By mollyblobs

Birch Bolete

A more local walk today. I parked at Thorpe Wood and walked through the wood and down into Ferry Meadows, where I was hoping to find some waxcaps in an area of infertile, sandy grassland at Roman Point. In the end I photographed three species - Blackening Waxcap, Buter Waxcap and a third that I can't name confidently. There were also a range of rather less distinctive grassland species that await identification (or not!)

I was also surprised to see a number of other fungi associated with the fringe of trees along the lake edge. The most magnificent of these was Birch Bolete. It can hardly be called beautiful, with its battered leathery brown cap and scaberulous stipe, but I've never seen it before at this location. It was accompanied by several other tree-associated fungi including Purple Brittlegill, Brown Roll-rim and Poisonpie - all doing very well considering how limited the available habitat it.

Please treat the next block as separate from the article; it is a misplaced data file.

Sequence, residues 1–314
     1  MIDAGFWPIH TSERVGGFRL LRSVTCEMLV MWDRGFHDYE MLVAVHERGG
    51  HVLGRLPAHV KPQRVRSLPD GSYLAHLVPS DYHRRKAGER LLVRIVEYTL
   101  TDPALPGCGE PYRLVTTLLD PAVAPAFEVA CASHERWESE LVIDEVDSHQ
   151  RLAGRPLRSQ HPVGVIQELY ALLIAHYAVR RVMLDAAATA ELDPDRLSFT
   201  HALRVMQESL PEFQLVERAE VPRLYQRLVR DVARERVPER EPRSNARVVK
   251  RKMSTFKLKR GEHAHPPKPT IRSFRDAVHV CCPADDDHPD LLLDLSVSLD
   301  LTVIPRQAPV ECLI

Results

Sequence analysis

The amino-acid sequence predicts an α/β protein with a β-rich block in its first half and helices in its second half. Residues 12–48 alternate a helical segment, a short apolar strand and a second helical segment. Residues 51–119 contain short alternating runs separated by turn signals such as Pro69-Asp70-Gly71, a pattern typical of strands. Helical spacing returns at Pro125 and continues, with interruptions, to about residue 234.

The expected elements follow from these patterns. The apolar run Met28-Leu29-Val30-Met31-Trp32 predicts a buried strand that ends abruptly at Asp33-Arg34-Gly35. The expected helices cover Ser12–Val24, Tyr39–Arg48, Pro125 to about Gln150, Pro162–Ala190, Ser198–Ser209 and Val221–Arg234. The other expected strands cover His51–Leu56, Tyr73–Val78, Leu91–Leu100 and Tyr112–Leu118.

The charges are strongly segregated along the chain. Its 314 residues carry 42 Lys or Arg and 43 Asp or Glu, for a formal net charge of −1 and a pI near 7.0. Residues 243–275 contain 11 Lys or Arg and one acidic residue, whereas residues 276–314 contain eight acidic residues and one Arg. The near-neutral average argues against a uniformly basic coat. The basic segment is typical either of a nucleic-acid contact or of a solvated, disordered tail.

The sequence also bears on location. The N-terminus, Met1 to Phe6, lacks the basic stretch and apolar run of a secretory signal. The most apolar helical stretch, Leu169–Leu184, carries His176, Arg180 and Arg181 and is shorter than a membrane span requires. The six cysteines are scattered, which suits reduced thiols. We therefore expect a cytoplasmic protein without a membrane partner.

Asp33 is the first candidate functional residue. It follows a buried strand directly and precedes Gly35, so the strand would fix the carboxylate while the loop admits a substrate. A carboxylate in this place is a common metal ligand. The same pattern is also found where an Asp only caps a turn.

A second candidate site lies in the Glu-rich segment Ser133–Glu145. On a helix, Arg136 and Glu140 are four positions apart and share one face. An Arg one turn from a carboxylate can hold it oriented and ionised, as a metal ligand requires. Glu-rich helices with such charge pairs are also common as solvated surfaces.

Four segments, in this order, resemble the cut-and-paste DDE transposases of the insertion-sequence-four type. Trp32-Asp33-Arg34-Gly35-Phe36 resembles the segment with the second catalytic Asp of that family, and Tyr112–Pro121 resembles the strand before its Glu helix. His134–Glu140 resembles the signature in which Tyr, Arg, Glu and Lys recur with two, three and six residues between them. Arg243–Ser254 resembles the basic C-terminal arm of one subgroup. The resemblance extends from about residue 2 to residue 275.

On my way back through Thorpe Wood I was surprised to see a group of Magpie Inkcap, which I've never seen there before, despite having walked round regularly for over twenty-five years. This species is usually associated with Beech, but that isn't present and they were growing close to a Pedunculate Oak. The Wildlife Trust have cleared back some of the bramble along the path, so its possible they've been there in previous years, but have been hidden by the vegetation. Always something new to find!

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